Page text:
You have until the 15th of May to apply for this year’s round of the Guardian Scott Trust Bursary. But, just how do you stand the best chance of snagging a place? And what exactly do you get?
We spoke to a selection of recent graduates who’ve completed the MA and placement scheme, to put together a handy guide of everything you need to know. It’s pretty comprehensive, even if we do say so ourselves.
Each year, The Guardian Foundation (an independent charity, supporting the diversification of the media, amongst many other things) offers a number of bursaries to students who want to get a postgraduate qualification in journalism, but would otherwise be unable to afford it.
On top of the education, you’ll also get placements at The Guardian and The Observer, and there’s a chance of a six month paid contract at the end of your studies. This year they’re looking to offer places to three students, which is the same as the last few years.
First things first, it’s worth pointing out that, under the bursary, you’re able to choose from five different courses. We have heard of some successful applicants requesting a switch to another journalism course at the same institution, but broadly you will be offered:
- City University, London (MA in Interactive Journalism)
- City University, London (MA in Newspaper Journalism)
- Goldsmiths College, University of London (MA in Journalism)
- Goldsmiths College, University of London (MA in Digital Journalism)
- The University of Sheffield (MA in Journalism, as a bonus this degree is also accredited by the National Council for the Training of Journalists, meaning you also get an NCTJ Diploma too)
As well as paying for your tuition fees, the bursary also provides a subsistence allowance of £6,000. Dreamy. One of the 2018-19 recipients Jessica Murray tells Journo Resources that this was sent to her in three instalments of £2,000.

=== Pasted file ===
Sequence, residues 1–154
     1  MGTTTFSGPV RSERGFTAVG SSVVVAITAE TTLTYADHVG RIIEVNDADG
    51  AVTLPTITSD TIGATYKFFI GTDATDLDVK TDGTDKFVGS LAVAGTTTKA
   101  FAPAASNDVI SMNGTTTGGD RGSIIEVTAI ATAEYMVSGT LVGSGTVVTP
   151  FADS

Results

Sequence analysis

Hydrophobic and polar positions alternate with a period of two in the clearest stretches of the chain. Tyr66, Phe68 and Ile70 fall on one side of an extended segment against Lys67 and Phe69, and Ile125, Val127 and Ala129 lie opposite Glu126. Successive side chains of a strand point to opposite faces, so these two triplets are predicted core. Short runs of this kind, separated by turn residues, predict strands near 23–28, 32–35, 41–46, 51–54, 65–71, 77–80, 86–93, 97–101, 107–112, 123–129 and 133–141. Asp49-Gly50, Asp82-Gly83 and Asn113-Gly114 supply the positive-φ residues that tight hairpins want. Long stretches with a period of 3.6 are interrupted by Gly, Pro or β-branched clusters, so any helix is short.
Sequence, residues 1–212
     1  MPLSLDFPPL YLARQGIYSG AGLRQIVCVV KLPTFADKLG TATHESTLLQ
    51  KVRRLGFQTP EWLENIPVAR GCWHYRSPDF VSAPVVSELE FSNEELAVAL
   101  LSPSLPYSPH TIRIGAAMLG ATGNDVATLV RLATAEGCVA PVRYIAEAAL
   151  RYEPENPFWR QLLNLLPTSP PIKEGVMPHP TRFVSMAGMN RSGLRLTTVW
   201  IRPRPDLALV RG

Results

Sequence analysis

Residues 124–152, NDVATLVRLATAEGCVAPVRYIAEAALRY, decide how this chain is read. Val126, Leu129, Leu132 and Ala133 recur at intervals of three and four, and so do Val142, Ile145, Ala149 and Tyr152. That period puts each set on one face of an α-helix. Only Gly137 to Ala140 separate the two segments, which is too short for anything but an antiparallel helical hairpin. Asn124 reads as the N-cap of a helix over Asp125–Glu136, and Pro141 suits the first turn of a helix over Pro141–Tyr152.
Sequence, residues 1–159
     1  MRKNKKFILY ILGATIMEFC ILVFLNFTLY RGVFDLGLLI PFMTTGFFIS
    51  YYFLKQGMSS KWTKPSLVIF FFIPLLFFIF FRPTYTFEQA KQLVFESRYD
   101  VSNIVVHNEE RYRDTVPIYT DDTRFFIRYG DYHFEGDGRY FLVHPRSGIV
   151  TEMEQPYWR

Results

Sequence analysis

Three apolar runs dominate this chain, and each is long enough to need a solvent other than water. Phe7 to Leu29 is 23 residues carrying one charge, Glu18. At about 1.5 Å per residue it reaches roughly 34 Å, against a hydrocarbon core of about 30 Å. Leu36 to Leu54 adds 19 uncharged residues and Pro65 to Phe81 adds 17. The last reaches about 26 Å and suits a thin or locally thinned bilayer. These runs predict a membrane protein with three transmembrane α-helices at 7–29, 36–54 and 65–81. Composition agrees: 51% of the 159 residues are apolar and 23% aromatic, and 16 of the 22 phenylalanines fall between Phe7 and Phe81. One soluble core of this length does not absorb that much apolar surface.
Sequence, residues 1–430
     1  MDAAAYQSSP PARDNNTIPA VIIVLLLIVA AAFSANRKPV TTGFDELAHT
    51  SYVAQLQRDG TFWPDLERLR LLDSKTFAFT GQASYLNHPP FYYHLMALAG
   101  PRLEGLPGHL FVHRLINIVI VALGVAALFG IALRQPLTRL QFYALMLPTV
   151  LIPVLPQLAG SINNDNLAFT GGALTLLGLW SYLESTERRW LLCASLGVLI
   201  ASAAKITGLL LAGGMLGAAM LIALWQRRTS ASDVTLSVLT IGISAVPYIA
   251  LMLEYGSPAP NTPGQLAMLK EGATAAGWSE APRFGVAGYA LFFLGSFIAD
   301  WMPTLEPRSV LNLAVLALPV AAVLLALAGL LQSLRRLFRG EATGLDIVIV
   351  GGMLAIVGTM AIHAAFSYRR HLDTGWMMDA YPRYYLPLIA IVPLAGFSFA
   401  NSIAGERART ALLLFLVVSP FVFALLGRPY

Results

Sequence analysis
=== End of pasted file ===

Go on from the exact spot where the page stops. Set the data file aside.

“This was such a huge help as the course [at Sheffield] is really intense with lots of contact hours,” she continues, “so it’s difficult to squeeze in enough hours at a part-time job to support yourself alongside it.”
In addition, bursary recipients will also do several weeks of work experience with The Guardian or The Observer during the course of their studies – and a quick look at some of the Twitter profiles of those currently on the scheme shows they’re racking up bylines.
“I first spent a week training alongside the other Scott Trust journalists in my cohort, learning the Guardian house style, subbing skills and how to use the content management system,” Jessica says.
“The first longer placement was on a non-news desk, and we each selected our top three preferred desks for this. I was assigned the environment desk, where I spent two months covering news stories such as the Extinction Rebellion protests and the school climate strikes. It was a great opportunity to gain some in depth knowledge and contacts in a specific area, and I’ve continued writing extensively on environment since moving to other desks.”
Tobi Thomas, a 2019-20 recipient of the bursary and now a data reporter at The Guardian, studied at City University through the scheme, and did work experience in both the Manchester office and at The Observer, “Manchester was great – I was there for the election so covering a couple of counts for the liveblog which was really exciting.”
“The Observer was not as fast paced, being a Sunday paper, but I had the opportunity to write an opinion piece on young people and the election, which was daunting as I don’t consider myself much of an opinion writer, but it was a great experience nonetheless.”
“Manchester was great – I was there for the election so covering a couple of counts for the liveblog which was really exciting.”
Tobi Thomas, 19/20 Bursary Recipient
Jessica also spent a month in The Guardian’s Manchester office, working on stories such as protests against Northern Rail and contributed to a project on the Labour leadership race.